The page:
The IMF delivered a warning signal yesterday as it cut its year-ahead world GDP
forecast for the third time this year, from 2.9% to 2.7%. Interestingly, the theme of
excessive tightening and the damage to the world’s economy has taken a more
central role in the IMF report. It seems, however, quite far from the rhetoric of the
Federal Reserve and most other central banks, which continue to point to the need
to fight inflation while accepting a degree of economic damage.
This is the narrative that is keeping the general trend in risk assets bearish and the
dollar supported, and we do not expect it to change until 1Q23.
So far this week, extra US drivers have been more relevant for global markets and
dollar swings, and most of the focus will remain on developments in a) the UK bond
market and the GBP impact; b) the re-escalation in the Ukraine conflict; c) Asia’s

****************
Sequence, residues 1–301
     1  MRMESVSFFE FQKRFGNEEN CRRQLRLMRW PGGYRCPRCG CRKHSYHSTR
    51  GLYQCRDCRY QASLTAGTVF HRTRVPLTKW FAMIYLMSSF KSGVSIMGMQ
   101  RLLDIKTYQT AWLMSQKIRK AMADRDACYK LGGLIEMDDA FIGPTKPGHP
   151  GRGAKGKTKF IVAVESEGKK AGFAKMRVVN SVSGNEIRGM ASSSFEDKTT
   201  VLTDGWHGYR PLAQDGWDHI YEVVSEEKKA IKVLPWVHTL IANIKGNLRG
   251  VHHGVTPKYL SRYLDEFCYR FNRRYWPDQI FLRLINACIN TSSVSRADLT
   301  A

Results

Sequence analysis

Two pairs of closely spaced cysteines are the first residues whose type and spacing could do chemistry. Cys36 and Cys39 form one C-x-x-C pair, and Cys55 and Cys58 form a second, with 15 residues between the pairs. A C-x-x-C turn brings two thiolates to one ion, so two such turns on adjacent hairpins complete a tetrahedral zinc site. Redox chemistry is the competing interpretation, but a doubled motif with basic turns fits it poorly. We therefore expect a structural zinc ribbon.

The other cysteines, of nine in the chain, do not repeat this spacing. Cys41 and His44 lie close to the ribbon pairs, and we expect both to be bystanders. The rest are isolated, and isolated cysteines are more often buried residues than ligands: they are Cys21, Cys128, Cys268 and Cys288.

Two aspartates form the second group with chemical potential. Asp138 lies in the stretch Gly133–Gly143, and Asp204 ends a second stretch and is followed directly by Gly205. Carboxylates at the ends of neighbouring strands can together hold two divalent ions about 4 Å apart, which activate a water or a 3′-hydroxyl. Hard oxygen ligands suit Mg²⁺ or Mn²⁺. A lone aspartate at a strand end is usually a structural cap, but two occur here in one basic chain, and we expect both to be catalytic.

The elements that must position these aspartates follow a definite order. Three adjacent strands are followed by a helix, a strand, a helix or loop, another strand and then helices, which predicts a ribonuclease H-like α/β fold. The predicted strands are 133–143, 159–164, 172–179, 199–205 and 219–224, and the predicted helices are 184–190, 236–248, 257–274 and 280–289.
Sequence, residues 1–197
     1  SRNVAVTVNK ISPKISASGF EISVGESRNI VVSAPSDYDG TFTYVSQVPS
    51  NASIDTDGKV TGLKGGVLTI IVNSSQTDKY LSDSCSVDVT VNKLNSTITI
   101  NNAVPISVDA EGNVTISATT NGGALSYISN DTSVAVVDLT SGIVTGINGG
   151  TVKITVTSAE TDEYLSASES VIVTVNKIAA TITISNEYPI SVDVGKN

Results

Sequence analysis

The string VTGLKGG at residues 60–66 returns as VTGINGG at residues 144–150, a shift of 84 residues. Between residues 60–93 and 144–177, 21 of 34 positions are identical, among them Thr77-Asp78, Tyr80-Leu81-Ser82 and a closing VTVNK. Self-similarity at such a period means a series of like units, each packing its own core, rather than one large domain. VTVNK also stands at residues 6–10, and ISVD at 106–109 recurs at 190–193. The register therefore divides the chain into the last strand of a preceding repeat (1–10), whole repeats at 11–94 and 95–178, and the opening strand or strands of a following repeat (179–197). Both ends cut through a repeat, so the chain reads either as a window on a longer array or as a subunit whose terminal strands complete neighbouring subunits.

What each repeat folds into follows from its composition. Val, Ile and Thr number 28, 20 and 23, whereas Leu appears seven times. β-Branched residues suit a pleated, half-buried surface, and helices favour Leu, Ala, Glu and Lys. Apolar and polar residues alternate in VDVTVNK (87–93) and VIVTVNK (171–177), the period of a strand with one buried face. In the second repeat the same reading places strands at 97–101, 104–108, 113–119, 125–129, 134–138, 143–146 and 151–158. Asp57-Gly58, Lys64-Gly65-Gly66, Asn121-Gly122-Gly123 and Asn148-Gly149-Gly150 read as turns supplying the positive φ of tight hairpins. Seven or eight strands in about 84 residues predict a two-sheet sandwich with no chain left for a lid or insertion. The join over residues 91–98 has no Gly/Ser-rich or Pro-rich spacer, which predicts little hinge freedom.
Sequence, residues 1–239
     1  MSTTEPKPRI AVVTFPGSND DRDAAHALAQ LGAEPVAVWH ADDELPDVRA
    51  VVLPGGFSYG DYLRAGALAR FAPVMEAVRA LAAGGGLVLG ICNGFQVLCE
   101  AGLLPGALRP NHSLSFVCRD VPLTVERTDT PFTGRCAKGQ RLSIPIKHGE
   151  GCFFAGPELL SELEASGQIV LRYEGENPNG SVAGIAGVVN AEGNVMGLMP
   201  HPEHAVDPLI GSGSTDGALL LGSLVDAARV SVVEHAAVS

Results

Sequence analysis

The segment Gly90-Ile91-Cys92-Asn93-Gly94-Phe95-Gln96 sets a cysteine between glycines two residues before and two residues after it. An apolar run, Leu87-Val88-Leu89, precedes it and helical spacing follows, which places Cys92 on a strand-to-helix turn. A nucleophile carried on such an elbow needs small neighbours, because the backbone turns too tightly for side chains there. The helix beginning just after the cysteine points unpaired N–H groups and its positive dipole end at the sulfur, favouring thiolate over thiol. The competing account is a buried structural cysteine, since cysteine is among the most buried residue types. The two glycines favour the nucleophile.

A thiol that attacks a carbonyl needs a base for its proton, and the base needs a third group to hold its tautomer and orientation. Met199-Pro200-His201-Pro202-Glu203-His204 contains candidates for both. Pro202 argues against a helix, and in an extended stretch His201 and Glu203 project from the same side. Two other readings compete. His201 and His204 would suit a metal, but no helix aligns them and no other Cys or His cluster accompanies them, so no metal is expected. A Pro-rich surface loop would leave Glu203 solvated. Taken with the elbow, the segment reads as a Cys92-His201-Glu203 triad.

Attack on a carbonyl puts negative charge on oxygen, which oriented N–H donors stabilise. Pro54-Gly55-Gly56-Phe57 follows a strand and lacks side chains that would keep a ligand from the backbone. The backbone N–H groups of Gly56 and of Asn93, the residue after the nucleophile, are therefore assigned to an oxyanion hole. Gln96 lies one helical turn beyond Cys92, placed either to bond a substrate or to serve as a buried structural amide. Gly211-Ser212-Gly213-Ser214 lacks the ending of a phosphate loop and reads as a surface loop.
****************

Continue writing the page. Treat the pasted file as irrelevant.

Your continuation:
tech stocks after fresh export restrictions by the US.
Domestically, the US calendar includes PPI for September and the 21 September
FOMC meeting minutes. The latter should, in our view, show some good degree of
alignment within the committee around the need for another large (75bp) move in
November, although diverging members’ expectations around the terminal rate
may trigger some adjustments in the early/mid-2023 Fed funds pricing. Anyway,
we don’t see any dollar correction being more than short-lived, especially
considering the risk-averse developments in Europe and Asia.